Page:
The culmination of IdeasCity was the conference held at the Jam Handy, an event space in the New Center neighborhood. Opening keynote presentations were delivered by Detroit director of planning and development Maurice Cox, while Chicago-based artists Theaster Gates and Amanda Williams set the tone for the day.
Panel discussions focused on the power and importance of cultural production as a means of urban prosperity. Local experts such as filmmaker-writer dream hampton and community organizer Jenny Lee emphasized the need to change the narrative around what is, and what should be, happening in Detroit. This theme would permeate much of the day, as panelists, presenters, and fellows alike enlightened the crowd on topics often overlooked in the discussion of Detroit.
Fellows brought both knowledge from their home cities and newfound information to their presentations. Multiple groups advocated for the reexamination of current development plans. The first group situated the planned Gordie Howe Bridge to Canada, in terms of air, water, and soil, as it affected Fort Wayne, a Civil War–era site and recreation area in the Delray neighborhood. Fort Wayne is a First Nations burial site, heavily polluted by surrounding industry, but enjoyed for the water access it affords locals. “Having family in the area, I want to make sure that they are not forgotten,” noted fellow Stacy’e Jones, DJ and member of Liquid Flow Media Arts Center.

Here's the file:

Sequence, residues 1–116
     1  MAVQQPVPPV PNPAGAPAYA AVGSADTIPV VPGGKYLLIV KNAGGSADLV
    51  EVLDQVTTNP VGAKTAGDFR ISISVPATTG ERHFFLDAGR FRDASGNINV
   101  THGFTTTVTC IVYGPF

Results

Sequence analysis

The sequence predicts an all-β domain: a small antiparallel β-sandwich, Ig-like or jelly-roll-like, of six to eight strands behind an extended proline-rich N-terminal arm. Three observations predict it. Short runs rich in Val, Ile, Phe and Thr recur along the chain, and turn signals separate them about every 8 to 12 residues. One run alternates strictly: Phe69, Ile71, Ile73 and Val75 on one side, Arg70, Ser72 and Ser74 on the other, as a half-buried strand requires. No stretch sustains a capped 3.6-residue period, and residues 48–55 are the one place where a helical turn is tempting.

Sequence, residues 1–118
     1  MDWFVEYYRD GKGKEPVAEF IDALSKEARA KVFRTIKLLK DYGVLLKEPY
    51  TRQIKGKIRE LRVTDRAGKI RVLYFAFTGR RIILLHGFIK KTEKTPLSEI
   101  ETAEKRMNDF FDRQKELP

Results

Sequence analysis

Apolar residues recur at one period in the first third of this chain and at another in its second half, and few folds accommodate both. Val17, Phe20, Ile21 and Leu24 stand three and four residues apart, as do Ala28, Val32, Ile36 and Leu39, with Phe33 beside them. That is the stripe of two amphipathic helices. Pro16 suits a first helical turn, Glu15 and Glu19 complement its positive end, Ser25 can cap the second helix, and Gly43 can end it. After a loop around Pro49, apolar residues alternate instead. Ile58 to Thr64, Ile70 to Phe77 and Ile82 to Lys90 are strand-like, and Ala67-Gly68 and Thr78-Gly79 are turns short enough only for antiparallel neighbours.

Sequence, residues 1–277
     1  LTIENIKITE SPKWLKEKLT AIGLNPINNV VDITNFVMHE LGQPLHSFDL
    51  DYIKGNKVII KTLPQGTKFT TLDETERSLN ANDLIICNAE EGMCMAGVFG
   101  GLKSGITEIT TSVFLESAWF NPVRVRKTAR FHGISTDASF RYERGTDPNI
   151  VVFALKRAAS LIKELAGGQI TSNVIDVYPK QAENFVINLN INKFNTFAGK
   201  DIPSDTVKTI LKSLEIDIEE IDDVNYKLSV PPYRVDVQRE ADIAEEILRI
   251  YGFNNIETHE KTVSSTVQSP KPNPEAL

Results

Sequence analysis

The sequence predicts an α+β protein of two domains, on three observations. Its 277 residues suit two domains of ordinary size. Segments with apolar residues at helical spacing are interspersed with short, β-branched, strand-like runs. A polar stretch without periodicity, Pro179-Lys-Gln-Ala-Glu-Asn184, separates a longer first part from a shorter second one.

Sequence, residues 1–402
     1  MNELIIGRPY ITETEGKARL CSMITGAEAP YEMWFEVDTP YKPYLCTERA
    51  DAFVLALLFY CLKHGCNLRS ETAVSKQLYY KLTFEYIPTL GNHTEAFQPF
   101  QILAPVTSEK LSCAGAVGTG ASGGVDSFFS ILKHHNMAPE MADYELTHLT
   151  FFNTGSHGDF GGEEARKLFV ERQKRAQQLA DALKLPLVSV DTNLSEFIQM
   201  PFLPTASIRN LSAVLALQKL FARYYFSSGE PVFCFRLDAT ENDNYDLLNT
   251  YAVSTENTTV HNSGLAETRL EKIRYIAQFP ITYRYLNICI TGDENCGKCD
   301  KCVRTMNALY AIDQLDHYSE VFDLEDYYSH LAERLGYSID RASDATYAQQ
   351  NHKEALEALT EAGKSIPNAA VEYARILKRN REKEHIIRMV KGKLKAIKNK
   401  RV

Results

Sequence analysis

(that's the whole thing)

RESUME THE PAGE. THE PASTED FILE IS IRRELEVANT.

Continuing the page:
Another group took a look at the solar panel farm in O‘Shea, arguing that the recently constructed power station, built on former parkland, should have been envisioned as an integrated part of the neighborhood in a dense housing and agricultural mix. "We wanted to make sure we were reaching out to the community. There was a lot of tension in the room. The community was brought in at the very end of this process," explained Taylor Renee Aldridge, Detroiter and co-editor of ARTS.BLACK.One design-oriented proposal looked at memorializing the spaces of conflict on the site of what is now Mies van der Rohe’s cooperative community, Lafayette Park. Formerly known as Black Bottom, a neighborhood for newly arrived black residents, the area was bulldozed and reset, tabula rasa, for Mies’s modernist project in 1946. “We wanted to recognize Black Bottom, because at this time there is no physical form of memorialization there,” fellow and Detroit writer Marsha Music explained. Against a backdrop of historical images of a thriving, and then destroyed Black Bottom, the group proposed non-affirmative monuments that encourage dialogue around the themes of immaterial culture, the social culture of street life, and the city’s churches. Group member Tommy Haddock observed that housing is what ties people to place, and that themes of belonging and removal can be reflected through the motif of house and home. An architect, Haddock realized some of the group’s ideas in a series of renderings that reference the visual language of Robert Venturi and Denise Scott Brown.
Other groups addressed less physical ideas. One simply, yet boldly, proclaimed that their project was to return to their respective homes around the world to act as Detroit ambassadors, spreading their newly enlightened views of the city. “Architecture,” explained Paris designer Pinar Demirdag, “isn’t about telling what to build, sometimes it’s about telling what not to build.”